French Mastiff Kennel

Need to go out of town? A boarding kennel can give your dog quality care—and can give you peace of mind. Before loading Fido or Fluffy into the car and driving over to the nearest kennel, though, it's important to find the right kennel and prepare your dog for boarding.

leather dog collar for French mastiff

What are the pros and cons of using a boarding kennel?

Your dog depends on you to take good care of her—even when you have to be out of town. Friends and neighbors may not have the experience or time to properly look after your dog , particularly for longer trips. So next time you have to leave your pet behind for a while, leave dog care to the professionals, such as a pet sitter or boarding kennel.

A facility specializing in care and overnight boarding allows your pet to:

  • avoid the stress of a long car or airplane ride to your destination.
  • stay where he's welcome (unlike many hotels).
  • receive more attention and supervision than he would if home alone most of the day.
  • be monitored by staff trained to spot health problems.
  • be secure in a kennel designed to foil canine and feline escape artists.

How do I find a good kennel?

Ask a friend, neighbor, veterinarian, animal shelter, or dog trainer for a recommendation. You can also check the Yellow Pages under "Kennels & Dog Boarding." Once you have names—even ones you got from reliable sources—it's important to do a little background check.

First, find out whether your state requires boarding kennel inspections. If it does, make sure the kennel you are considering displays a license or certificate showing that the kennel meets mandated standards.

Also ask whether the prospective kennel belongs to the American Boarding Kennels Association (719-667-1600), a trade association founded by kennel operators to promote professional standards of dog care. Besides requiring members to subscribe to a code of ethics, ABKA offers voluntary facility accreditation that indicates the facility has been inspected and meets ABKA standards of professionalism, safety, and quality of care.

Check, too, with your Better Business Bureau to see whether any complaints have been lodged against a kennel you are considering.

After selecting a few kennels, confirm that they can accommodate your dog for specific dates and can address your dog's special needs (if any). If you're satisfied, schedule a visit.

What should I look for?

On your visit, ask to see all the places your dog may be taken. Pay particular attention to the following:

  • Does the facility look and smell clean?
  • Is there sufficient ventilation and light?
  • Is a comfortable temperature maintained?
  • Does the staff seem knowledgeable and caring?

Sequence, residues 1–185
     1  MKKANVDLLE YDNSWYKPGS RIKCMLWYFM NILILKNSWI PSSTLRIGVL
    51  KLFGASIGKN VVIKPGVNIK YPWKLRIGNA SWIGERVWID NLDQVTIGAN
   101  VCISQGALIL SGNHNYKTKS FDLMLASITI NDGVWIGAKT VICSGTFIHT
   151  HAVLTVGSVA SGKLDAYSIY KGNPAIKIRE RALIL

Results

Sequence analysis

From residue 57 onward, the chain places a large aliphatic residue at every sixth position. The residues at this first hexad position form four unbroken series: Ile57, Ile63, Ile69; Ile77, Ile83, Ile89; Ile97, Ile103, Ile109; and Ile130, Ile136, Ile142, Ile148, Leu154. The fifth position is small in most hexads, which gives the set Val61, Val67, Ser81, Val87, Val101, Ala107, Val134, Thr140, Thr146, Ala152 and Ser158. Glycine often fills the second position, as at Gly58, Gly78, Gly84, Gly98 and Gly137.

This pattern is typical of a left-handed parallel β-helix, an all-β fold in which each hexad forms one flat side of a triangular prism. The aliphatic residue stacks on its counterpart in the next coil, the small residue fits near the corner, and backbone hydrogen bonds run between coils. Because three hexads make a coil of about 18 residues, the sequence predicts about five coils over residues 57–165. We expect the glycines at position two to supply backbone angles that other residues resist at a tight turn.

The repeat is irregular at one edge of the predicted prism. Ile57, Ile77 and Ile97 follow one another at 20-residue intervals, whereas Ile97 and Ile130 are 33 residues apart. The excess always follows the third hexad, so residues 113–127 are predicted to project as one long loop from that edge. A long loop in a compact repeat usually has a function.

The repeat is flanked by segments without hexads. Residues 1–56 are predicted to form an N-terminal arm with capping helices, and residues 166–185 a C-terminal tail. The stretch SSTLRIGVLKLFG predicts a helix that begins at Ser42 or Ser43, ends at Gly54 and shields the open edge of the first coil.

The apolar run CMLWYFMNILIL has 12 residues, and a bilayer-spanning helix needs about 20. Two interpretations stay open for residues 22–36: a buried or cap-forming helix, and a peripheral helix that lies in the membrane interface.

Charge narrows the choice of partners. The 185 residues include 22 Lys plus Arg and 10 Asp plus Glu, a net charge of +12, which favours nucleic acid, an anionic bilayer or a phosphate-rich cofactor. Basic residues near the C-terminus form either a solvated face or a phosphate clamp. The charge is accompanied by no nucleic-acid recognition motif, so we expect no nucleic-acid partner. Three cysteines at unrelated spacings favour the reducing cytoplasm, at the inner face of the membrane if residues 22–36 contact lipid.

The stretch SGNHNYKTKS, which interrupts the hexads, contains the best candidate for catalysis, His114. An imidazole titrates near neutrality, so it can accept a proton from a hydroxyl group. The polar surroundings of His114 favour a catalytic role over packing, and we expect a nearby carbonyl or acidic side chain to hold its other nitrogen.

• Are dogs required to be current on their vaccinations, including the vaccine for canine kennel cough (Bordetella)? (Such a requirement helps protect your animal and others.)
  • Does each dog have his own adequately sized indoor-outdoor run or an indoor run and a schedule for exercise?
  • Are outdoor runs and exercise areas protected from wind, rain, and snow?
  • Are resting boards and bedding provided to allow dogs to rest off the concrete floor?
  • Are cats housed away from dogs?
  • Is there enough space for cats to move around comfortably?
  • Is there enough space between the litter box and food bowls?
  • How often are dogs fed?
  • Can the owner bring a pet's special food?
  • What veterinary services are available?
  • Are other services available such as grooming, training, bathing?
  • How are rates calculated?

How do I prepare my dog ?

Be sure your dog knows basic commands and is well socialized around other people and pets; if your dog has an aggression problem or is otherwise unruly, she may not be a good candidate for boarding. Before taking your animal to the kennel, make sure she is current on vaccinations.

It's also a good idea to accustom your dog to longer kennel stays by first boarding her during a short trip, such as a weekend excursion. This allows you to work out any problems before boarding your dog for an extended period.

Before you head for the kennel, double-check that you have your dog's medications and special food (if any), your veterinarian's phone number, and contact information for you and a local backup.

When you arrive with your dog at the boarding facility, remind the staff about any medical or behavior problems your dog has, such as a history of epilepsy or fear of thunder. After the check-in process, hand your dog to a staff member, say good-bye, and leave. Avoid long, emotional partings, which may upset your dog . Finally, have a good trip, knowing that your dog is in good hands and will be happy to see you when you return.